Boston Globe > Big Picture > Tornadoes Rip Through the Midwest and South        March 1, 2012

















Residents survey the damage after a severe storm hit

in the early morning hours on Feb. 29, 2012, in Harrisburg.

A severe pre-dawn storm pounded portions of southern Illinois.

Several deaths were reported in Harrisburg

and left the city's medical center scrambling to treat an influx of injured.


Paul Newton/The Southern Illinoisan/Associated Press

Boston Globe > Big Picture > Tornadoes Rip Through the Midwest and South        March 1, 2012















trail of destruction






flatten buildings        USA






debris        USA

























damage        USA








widespread damage        USA






wreak havoc on + N / wreak havoc







create havoc for + N        USA













power outage






be left without power






survivor        USA






death        USA






transport disruption



















This photo provided by Harry Gillway, the Kimball County Sheriff,

shows hail damage to the rear window of a car

in Kimball, Nebraska

on Monday, May 24, 2010.

Storms dumped heavy rain and hail

on Nebraska, North Dakota and South Dakota.


AP Photo/Kimball County Sheriff, Harry Gillway

Boston Globe > Big Picture > Stormy skies















When Each Bad Storm

Means More Dark Days


November 1, 2011
The New York Times


First came the heavy snow in February that crushed the hangar and destroyed the vintage Piper J-5A airplane he housed in Dutchess County, N.Y. Then came the tornado in June that ripped out an ancient oak tree in his backyard in Roxbury, Conn. When Tropical Storm Irene blew through in August, another huge oak fell — this time on his house, blasting a hole through a back bedroom. In each case, electricity was lost.

So for Michael Frohne, a home improvement contractor and musician, his sinking sense of familiarity was understandable when the October northeaster, which he calls the Halloween hell storm, hit.

Once again, Mr. Frohne, who divides his time between homes in Roxbury and Redding, Conn., was left with enormous tree damage and without power — at either home.

“I don’t want to do this anymore,” Mr. Frohne, 63, said. “I’m going to Costa Rica in January, and I don’t know if I’m ever coming back.”

Along with the now-familiar candles, downed trees across the driveway and the thawing hamburger meat taken from the freezer and tossed in the trash, the region’s latest freak storm, which left three million people without electricity, has left something else in its wake: increasing unease about just what is going on and what it means for the vast majority outside the relative stability of an underground urban power grid.

No one can know for sure if this is just the eternally unpredictable chaos of weather on earth or it is something more ominous; call it the new abnormal. But in recent years, suburban and rural residents have found themselves facing multiple disruptions like Mr. Frohne’s. Experts say the violent weather of the past few years in the Northeast is stressing the 20th century above-ground utility grid as never before, along with the people who depend on it.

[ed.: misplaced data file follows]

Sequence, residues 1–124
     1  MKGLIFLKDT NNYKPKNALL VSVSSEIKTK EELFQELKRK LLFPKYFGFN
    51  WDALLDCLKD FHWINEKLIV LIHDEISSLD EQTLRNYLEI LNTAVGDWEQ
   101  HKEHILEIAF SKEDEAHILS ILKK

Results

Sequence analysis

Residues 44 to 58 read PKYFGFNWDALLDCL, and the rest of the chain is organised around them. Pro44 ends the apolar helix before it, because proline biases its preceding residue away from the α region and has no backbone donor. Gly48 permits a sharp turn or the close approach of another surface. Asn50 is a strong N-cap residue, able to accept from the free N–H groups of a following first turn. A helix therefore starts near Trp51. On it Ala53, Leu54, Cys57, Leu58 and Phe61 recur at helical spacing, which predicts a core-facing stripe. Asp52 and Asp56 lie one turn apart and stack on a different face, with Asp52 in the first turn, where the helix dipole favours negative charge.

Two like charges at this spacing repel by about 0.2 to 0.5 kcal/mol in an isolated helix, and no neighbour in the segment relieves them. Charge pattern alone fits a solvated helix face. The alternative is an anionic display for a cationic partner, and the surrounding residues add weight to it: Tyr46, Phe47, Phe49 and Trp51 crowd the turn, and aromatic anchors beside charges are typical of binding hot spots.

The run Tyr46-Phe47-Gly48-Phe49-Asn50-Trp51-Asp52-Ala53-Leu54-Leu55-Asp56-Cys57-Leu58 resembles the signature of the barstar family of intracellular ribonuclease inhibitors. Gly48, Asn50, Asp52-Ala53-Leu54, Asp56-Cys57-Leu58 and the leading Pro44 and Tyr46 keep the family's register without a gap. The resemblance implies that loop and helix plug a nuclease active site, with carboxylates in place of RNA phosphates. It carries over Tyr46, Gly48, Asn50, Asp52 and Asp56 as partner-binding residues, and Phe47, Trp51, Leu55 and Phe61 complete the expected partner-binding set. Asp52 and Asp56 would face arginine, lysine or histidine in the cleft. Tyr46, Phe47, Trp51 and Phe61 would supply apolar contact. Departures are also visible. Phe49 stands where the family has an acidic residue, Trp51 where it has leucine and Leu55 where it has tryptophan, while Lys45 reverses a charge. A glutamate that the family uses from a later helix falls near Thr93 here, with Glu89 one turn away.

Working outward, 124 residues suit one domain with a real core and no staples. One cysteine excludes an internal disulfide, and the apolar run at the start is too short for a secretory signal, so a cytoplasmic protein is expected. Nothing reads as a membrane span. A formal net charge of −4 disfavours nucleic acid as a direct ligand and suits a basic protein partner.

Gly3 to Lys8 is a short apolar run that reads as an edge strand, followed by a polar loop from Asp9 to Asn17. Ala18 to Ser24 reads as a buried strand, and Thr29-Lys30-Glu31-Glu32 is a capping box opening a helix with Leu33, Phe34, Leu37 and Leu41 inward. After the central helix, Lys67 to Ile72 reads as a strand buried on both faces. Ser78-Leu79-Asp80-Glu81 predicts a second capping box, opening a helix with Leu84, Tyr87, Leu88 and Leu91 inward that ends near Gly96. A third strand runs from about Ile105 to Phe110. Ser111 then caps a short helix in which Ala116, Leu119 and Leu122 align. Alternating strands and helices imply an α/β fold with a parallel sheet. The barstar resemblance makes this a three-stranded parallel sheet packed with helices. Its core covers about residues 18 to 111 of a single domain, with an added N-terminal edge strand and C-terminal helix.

Few solutions are in sight. A report by the Edison Electric Institute updated at the end of 2010 said that over the past 10 years, at least 11 states studied putting utility lines underground — usually after devastating storms — only to find it too expensive. “To date, no state utility commission has recommended wholesale undergrounding of the utility infrastructure,” it concluded.

By Tuesday afternoon, 1.7 million customers in the Northeast remained without service, according to The Associated Press, many of them repeat victims of power failures that have left residents increasingly jittery with each new storm.

Sue Gress of New Canaan, Conn., said she tolerated the week spent without electricity to pump her well or run her refrigerator after Tropical Storm Irene, even though she had to lug a bucket of water from her swimming pool to flush her toilet, live mostly on peanut butter crackers and swim instead of showering.

But the warm weather two months ago seems a far cry from the snowstorm that drove her shivering from her home last weekend. And at 79 and living alone, Ms. Gress finds a stray crisis tolerable but definitely not a steady diet of them.

She worries that meteorological excess is becoming the rule.

“It’s global warming,” she said. “No one wants to believe it, but things are changing. There’s much more violent weather, and we’re not prepared to deal with it.”

At least this disruption did not go on as long. She got her lights back on Tuesday after three days.

After her own troubles this weekend, Susan Callahan of Summit, N.J., is for the first time wondering about her comfortable suburban life.

On Saturday night, a branch from one of the old trees that surround the house she has lived in for 30 years crashed down and ripped off part of her gutter and badly damaged the roof of her porch. Then on Sunday, her husband, John Callahan, trying to clean up the property, slipped on an icy stone and hit his head, and Mrs. Callahan had to brave debris-strewn roads to get him to a hospital emergency room, where he got six stitches.

On Monday, Mrs. Callahan drove to a State Farm insurance office in New Providence to file a claim, but the office was without power and closed. She left a note under the office’s locked door. It read, “Help.”